Historical Markers
Underground Railroad (Union County) Historical Marker
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Underground Railroad (Union County)

Valleys of the Susquehanna


Marker Location:
University Avenue, Lewisburg

Dedication Date:
November 22, 1954

Behind the Marker

The stable was a carriage house behind the home of a Bucknell professor, George R. Bliss. According to family tradition, his wife and their daughter Lucy helped hide fugitive slaves heading north through the central part of the state.
George Bliss hid fugitive slaves in this carriage house on his property.
George Bliss hid fugitive slaves in this carriage house on his property.

The abolitionist movement did not have strong support in Union County, however. In 1844, only eight votes were cast for James G. Birney, the Liberty (Abolition) Party's nominee for president. Even so, Bucknell University professors reportedly helped create a small but thriving Underground Railroad network in Lewisburg. Thomas F. Curtis and Howard Malcom, who taught with Bliss at the school, also helped aid fugitives.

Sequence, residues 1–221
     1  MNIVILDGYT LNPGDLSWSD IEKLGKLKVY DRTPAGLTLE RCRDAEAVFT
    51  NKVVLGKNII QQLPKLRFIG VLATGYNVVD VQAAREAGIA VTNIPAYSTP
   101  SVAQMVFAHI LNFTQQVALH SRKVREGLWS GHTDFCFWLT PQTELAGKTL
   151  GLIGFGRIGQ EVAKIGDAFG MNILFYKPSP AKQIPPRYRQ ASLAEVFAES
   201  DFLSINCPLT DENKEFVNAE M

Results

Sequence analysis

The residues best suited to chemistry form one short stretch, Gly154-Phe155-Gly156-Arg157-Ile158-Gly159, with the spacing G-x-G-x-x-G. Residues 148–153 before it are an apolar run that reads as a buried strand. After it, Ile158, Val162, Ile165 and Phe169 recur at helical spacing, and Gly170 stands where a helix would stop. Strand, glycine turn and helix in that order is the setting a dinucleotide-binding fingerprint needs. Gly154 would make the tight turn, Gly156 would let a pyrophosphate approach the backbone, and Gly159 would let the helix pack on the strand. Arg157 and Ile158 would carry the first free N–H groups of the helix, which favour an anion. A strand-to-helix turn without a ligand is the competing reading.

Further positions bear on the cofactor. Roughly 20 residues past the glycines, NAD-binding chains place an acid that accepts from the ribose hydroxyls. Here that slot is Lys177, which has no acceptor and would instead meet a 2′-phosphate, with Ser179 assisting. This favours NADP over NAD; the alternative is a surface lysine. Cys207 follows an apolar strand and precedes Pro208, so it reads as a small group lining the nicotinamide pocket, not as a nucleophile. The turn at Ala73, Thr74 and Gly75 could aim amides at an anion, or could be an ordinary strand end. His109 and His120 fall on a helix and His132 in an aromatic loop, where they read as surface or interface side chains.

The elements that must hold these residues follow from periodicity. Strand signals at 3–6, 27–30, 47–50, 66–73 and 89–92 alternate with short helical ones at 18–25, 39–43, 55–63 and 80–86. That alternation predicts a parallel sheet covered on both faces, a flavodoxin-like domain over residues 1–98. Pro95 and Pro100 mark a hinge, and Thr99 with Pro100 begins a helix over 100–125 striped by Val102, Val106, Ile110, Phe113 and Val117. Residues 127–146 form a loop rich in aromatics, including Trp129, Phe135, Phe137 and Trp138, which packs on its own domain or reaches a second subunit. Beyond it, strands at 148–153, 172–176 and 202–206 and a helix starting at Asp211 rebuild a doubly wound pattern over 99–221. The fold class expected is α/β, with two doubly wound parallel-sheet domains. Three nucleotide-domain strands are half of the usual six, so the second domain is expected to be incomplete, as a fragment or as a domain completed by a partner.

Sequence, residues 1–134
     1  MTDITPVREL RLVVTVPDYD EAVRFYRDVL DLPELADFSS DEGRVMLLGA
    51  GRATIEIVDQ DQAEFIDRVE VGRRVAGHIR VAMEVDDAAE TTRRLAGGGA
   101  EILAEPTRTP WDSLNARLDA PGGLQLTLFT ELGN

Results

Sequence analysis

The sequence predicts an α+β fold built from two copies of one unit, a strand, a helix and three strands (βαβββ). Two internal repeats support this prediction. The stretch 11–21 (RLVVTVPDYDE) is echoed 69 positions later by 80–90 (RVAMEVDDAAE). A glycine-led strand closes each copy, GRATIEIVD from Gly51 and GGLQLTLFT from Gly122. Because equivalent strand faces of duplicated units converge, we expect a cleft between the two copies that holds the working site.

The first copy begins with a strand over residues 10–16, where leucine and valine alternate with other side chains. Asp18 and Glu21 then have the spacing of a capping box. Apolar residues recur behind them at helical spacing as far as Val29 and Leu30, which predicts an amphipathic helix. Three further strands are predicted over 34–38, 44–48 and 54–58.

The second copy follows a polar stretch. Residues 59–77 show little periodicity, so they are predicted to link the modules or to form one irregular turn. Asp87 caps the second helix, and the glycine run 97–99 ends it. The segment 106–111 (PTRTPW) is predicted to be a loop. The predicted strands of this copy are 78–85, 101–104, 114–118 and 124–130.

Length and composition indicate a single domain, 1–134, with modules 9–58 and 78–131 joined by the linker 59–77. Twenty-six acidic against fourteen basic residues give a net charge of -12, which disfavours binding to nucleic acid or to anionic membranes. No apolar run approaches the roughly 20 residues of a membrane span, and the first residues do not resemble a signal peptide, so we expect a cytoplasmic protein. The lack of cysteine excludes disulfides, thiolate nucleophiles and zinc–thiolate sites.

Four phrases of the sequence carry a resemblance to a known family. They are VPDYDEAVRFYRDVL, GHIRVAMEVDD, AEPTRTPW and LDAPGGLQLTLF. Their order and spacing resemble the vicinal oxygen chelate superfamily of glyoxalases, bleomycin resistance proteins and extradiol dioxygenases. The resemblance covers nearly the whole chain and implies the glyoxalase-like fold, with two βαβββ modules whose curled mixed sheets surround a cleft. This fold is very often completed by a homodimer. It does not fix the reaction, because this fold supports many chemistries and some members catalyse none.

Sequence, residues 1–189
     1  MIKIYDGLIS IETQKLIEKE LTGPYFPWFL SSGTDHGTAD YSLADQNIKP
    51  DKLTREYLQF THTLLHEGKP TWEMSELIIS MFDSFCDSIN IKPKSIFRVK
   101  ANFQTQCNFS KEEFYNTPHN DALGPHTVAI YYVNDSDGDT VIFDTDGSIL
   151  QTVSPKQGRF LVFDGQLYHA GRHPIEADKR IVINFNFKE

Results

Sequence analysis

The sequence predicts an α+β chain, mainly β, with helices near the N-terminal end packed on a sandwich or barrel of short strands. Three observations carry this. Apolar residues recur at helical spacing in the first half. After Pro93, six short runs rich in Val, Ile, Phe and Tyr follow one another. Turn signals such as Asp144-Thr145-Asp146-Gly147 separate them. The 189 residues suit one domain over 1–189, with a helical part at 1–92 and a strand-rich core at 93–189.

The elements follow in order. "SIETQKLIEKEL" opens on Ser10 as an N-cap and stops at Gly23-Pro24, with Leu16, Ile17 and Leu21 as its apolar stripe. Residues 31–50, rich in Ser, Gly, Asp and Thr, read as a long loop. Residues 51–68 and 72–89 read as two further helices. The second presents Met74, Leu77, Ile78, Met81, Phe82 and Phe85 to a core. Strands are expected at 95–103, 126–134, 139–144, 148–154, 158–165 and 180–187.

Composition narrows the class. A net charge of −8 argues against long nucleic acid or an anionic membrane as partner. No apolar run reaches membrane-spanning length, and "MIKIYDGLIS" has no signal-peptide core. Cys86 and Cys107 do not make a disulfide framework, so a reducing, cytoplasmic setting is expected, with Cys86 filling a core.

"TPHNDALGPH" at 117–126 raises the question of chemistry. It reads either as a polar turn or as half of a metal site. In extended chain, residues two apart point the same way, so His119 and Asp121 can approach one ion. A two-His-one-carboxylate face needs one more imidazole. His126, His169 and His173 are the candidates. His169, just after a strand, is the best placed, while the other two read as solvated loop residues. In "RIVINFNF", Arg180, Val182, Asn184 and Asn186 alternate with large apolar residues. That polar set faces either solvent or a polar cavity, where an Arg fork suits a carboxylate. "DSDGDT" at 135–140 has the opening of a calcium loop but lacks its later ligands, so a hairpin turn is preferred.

The Underground Railroad activity at Bucknell was significant because colleges and universities in Pennsylvania were not always centers of abolitionist support. Many schools hoped to attract southern applicants, and almost all administrators in higher education desired to avoid public or legal controversy. Franklin and Marshall College in Lancaster, for example, banned student discussion of abolitionism in the 1850s.

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